Definitely not the Crawley sisters of Downton Abbey! The six Mitford sisters – Nancy, Pamela, Diana, Unity, Jessica and Deborah – were born to privilege and came of age as debutantes in the 1930’s; each embraced their own world view and life path. Unity became a friend of Hitler; Diana and Pamela were fascists; Jessica a communist; Nancy a writer; and Deborah a duchess.
The book follows their tumultuous lives all the way through to the death of the last sister in 2014. Wow! Lots of consequences and inter-family fighting over the interpretation of the events, fueled in part by Nancy’s novels. For the Anglophile who embraces the good and the not-so-good of the British aristocracy.— Gail
AN INSTANT NEW YORK TIMES BESTSELLER
"Riveting. The Six captures all the wayward magnetism and levity that have enchanted countless writers without neglecting the tragic darkness of many of the sisters' life choices and the savage sociopolitical currents that fueled them." - Tina Brown, The New York Times Book Review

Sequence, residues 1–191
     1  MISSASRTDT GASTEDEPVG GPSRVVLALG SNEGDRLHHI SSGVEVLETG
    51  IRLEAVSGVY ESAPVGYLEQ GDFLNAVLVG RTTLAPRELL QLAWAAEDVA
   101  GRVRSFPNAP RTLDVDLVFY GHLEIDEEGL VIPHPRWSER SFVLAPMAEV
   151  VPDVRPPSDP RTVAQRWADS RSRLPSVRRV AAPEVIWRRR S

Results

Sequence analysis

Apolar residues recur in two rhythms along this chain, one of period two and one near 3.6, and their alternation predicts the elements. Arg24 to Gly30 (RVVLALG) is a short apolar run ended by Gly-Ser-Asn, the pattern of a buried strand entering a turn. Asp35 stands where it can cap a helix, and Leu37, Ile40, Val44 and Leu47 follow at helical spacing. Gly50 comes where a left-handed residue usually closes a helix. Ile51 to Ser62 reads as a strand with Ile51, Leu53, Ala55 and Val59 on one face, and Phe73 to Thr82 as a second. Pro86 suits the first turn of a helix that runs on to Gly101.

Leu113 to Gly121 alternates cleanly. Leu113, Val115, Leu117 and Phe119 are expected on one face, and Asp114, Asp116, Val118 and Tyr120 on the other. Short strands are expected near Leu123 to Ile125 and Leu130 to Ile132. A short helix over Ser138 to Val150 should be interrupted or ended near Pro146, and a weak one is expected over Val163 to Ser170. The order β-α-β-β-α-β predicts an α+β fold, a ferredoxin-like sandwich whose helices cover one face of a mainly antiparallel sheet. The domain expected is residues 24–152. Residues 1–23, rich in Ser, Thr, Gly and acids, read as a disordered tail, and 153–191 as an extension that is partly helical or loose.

The eldest was a razor-sharp novelist of upper-class manners; the second was loved by John Betjeman; the third was a fascist who married Oswald Mosley; the fourth idolized Hitler and shot herself in the head when Britain declared war on Germany; the fifth was a member of the American Communist Party; the sixth became Duchess of Devonshire.
They were the Mitford sisters: Nancy, Pamela, Diana, Unity, Jessica, and Deborah. Born into country-house privilege in the early years of the 20th century, they became prominent as "bright young things" in the high society of interwar London. Then, as the shadows crept over 1930s Europe, the stark--and very public--differences in their outlooks came to symbolize the political polarities of a dangerous decade.
The intertwined stories of their stylish and scandalous lives--recounted in masterly fashion by Laura Thompson--hold up a revelatory mirror to upper-class English life before and after WWII. The Six was previously published as Take Six Girls.